When I learned that the amazing premise of the store is that there is nothing that costs over 99cents!  I had to investigate!  I came, I saw …and, I keep going back—even though they raised their prices so outrageously in the middle of the Recession.

a 99 Cent store in North Hollywood, CA

Will economic reality overcome the snob factor?  Will Chanel, Cartier, and Louis Vuitton be happy to rub elbows with the 99 Cent Store next door?  Will Beverly Hills babes and Bel Air dowagers bring their own Gucci bags to carry home a big box of organic arugula, giant cauliflowers, bags of yellow potatoes (that taste so Finnish), and Toblerone chocolate?  Will the chauffeur park the Bentley in the front or the rear of the store?

This could give a whole new dimension to Shabby Chic!

LA –SF Community Happenings:

Eero Saarinen Exhibit Opens

On October 4th, Consul General of Finland Kirsti Westphalen welcomed VIP guests with her opening remarks at the A+D Museum.

Consul General of Finland Kirsti Westphalen welcomed VIP guests with her opening remarks at the A+D Museum


In attendance were Mina Marefat, Ph.D, AIA (Curator of the Exhibit), Virpi Sidler (much involved in making the exhibit happen during her term as President of the Finnish American Chamber of Commerce), William Russell, Christel Pauli (current President of the FACC), Mirja and Ernie Covarrubias, and many others in the Finnish American community.

Eero Saarinen Exhibit at the A + D Museum

The exhibition called A Reputation for Innovation captures the impact the iconic Saarinen had internationally and how he helped shape American modernism.  It was truly an informative and inspirational exhibit.  Eero Saarinen’s connection with our City of Angels was solidified through his friendship and work with designer Charles Eames.  Saarinen’s philosophy, work, and architectural principals are still relevant today –almost 50 years after his death.  His life, his career, his impact on American architecture, and his Finnish roots make the exhibition well worth checking out.

The exhibition called A Reputation for Innovation captures the impact the iconic Saarinen had internationally and how he helped shape American modernism

Consul General of Finland Kirsti Westphalen: Dean of the Consular Corps

We in the Finnish community are just “busting’ our buttons” with pride.  Our Consul General Kirsti Westphalen has been named Dean of the Los Angeles Consular Corps.


Ava with Consul General Kirsti Westphalen and Abdellatif Moufakkir at the Consular Corps event at the Consular residence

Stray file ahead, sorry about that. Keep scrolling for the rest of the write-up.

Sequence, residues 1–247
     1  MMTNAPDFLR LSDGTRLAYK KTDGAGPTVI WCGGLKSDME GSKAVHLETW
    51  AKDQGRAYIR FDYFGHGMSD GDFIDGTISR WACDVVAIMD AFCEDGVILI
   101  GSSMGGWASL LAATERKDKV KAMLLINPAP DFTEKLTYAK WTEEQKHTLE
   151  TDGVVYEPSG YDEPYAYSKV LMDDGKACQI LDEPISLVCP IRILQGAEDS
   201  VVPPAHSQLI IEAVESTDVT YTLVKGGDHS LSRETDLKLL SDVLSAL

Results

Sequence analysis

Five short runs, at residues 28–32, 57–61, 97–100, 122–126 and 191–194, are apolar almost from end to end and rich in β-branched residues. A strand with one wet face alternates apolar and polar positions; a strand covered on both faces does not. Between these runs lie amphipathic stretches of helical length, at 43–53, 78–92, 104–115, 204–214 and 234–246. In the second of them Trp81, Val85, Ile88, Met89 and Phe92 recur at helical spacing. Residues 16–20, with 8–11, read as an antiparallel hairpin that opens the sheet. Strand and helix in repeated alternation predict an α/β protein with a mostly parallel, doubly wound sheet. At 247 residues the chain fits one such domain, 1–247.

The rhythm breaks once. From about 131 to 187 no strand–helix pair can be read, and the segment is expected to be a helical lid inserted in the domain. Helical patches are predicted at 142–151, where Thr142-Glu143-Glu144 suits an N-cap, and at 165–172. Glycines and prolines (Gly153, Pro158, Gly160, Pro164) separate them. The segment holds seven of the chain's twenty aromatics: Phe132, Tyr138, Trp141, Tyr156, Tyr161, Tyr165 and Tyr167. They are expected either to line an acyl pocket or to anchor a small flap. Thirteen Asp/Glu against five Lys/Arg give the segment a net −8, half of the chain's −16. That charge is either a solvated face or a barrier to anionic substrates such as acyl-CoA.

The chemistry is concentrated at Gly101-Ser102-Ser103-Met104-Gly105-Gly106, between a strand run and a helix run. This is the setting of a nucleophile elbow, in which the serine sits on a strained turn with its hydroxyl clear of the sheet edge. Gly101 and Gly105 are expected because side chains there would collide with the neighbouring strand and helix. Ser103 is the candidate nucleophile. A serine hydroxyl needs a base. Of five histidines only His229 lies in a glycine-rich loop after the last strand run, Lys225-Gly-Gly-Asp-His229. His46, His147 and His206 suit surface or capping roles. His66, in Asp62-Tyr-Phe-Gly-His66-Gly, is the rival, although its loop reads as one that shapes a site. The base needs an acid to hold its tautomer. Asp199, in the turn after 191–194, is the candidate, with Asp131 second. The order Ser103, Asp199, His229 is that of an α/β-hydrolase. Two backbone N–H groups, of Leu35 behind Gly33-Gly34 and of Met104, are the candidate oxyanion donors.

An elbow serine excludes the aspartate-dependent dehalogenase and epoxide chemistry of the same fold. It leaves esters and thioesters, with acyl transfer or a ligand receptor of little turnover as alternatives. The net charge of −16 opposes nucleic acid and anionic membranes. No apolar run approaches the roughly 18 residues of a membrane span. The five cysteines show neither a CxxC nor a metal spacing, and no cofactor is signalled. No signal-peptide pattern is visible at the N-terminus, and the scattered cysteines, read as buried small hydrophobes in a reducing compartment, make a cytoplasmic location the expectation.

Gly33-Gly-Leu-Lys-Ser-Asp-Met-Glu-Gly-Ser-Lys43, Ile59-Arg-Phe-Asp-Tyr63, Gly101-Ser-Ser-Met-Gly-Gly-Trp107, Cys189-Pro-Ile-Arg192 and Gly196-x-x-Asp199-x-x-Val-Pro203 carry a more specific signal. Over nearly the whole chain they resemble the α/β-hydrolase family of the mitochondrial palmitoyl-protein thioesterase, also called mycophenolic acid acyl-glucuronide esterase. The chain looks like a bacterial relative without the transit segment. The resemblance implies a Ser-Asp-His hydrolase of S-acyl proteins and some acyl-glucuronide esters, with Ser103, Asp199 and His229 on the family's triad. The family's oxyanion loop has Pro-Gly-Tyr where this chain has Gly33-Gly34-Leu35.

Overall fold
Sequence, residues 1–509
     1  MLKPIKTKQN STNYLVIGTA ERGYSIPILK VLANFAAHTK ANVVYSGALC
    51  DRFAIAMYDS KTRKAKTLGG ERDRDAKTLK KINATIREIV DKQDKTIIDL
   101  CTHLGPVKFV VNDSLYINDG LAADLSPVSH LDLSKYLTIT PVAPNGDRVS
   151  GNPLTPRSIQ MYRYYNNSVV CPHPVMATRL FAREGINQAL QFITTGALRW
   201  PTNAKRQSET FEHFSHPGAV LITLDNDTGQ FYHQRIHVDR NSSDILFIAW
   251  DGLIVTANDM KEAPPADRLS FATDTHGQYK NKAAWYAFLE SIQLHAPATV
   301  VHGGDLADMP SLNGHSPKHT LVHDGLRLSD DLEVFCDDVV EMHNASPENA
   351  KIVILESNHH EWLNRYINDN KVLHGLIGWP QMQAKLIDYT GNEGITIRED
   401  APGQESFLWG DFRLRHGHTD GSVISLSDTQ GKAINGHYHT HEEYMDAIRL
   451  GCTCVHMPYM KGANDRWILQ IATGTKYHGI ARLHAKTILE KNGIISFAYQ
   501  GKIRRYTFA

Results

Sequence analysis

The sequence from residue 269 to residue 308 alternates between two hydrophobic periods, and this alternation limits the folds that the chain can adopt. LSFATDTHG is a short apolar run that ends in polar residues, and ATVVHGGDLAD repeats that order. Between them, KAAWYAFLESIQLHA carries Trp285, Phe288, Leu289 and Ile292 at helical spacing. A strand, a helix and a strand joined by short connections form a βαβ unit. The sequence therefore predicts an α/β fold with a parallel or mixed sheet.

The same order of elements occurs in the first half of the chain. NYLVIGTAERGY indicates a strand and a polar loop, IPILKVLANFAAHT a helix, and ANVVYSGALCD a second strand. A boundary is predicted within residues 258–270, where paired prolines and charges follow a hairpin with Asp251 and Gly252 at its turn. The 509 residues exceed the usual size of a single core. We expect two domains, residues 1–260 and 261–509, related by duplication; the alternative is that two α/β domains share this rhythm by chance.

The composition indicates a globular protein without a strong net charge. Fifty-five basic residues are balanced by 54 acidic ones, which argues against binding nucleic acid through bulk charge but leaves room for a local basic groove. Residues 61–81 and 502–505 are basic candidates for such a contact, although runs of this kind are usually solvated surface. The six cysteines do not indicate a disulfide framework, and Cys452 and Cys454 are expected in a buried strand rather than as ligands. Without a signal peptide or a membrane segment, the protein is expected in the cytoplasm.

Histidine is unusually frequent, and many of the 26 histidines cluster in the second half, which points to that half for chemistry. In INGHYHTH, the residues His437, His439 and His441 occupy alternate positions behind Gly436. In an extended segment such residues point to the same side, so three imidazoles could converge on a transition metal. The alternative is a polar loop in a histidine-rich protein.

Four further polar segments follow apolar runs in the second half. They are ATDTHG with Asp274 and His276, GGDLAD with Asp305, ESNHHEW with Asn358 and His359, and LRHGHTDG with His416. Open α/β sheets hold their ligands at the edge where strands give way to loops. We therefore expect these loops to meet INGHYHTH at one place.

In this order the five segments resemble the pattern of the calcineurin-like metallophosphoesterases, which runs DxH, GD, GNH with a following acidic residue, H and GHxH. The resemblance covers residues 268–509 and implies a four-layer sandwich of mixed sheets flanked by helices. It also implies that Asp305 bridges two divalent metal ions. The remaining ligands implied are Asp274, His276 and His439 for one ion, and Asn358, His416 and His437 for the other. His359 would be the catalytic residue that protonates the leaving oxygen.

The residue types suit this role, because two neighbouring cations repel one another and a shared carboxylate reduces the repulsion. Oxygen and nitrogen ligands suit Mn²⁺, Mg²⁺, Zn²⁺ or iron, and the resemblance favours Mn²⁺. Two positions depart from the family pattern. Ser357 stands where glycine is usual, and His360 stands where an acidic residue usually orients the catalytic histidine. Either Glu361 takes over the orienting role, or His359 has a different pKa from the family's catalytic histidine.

This is a major acknowledgement of Finland’s supreme diplomatic and political leadership.  The Los Angeles Consular Corps is the largest in the world.

The Los Angeles Consular Corps is a nonprofit corporation that fosters and promotes goodwill, cooperation, and interaction between its members, its countries, and US federal, state, and local governmental authorities. Most Consular Corps members work to exchange information and to meet with local and official leaders.  The Senior Consul (by rank and/or longevity) is called the Dean and represents the Corps for protocol purposes.

Kirsti and her husband Abdellatif Moufakkir hosted the Consular Corps and their families at an event at the Consular residence on a recent beautiful, warm October afternoon.  It was great to see a myriad of local officials, Consuls General, and Honorary Consuls having a wonderful time with their families.  All enjoyed the wonderful fare prepared by Chef at the Residence, Sirpa Welch.

Tomi Hikkanen Celebrates His 50th Birthday

Tomi’s(as a deranged inmate from an insane asylum) with mother Eeva and sister Katja

Tomi Hinkkanen(as a deranged inmate from an insane asylum) with mother Eeva and sister Katja

Tomi Hinkkanen –FinnTimes founder/publisher, film producer, and  journalist was celebrated by family, friends, and colleagues on his 50th birthday.

Tomi’s Mother Eeva and Sister Katja came all of the way from Finland for the festivities.  Tomi was welcomed “over the hill” by Halloween-themed revelers.  Eeva and Katja wore beautiful Venetian masks.  Jonny Kayhlen was a soccer player.  Tomi was decked out as a deranged inmate from an insane asylum and was fully in his element enjoying the festivities, feasting, and song.  Monty the house pit bull (with a quarter of cats at his side) greeted guests and showed off his new digs [–Tomi, Jonny, and Monty just bought a wonderful new house]. A full-throated Happy Birthday chorus serenaded the birthday boy as he blew out the candles on his blue and white birthday cake.  Close friends from various interesting fields enjoyed getting to know one another and celebrating Tomi’s big day!  Fun was had by all!!

Installation of Pastor Tarkki

Bishop Dean Nelson blesses installed Pastor Jarmo Tarkki

Pastor Jarmo Tarkki was installed as ‘migrant’ Pastor to serve Lutheran Finns in Los Angeles, San Diego, San Francisco Bay Area, Dallas, and Mexico.  Bishop Dean Nelson presided at the installation ceremony on October 21, 2012 at St. Paul‘s Lutheran Church in Santa Monica.

Installation of Pastor Tarkki

The church was filled to capacity with congregants and well wishers.  Joyous music filled the sanctuary.  Consul General of Finland, the Honorable Kirsti Westphalen, and her husband Abdellatif Moufakkir hosted a reception at the Consular Residence following the installation ceremony.

Suomi 95

Plan to join the California Finnish American community in celebrating Finland’s 95th Independence Anniversary on December 1, 2012.  Your committee is hard at work planning a grand celebration!

A fund raising ‘garage sale’ will be held in support of Suomi 95 on Saturday, November 3rd at Suomi Kerho beginning at 10:00 a.m..  Please donate your ‘treasures’ on Friday, November 2nd after 3:00 p.m. at 10701 Magnolia Boulevard; North Hollywood 91601.  Pulla, coffee and Independence Day Gala tickets will be available for sale on Saturday. 95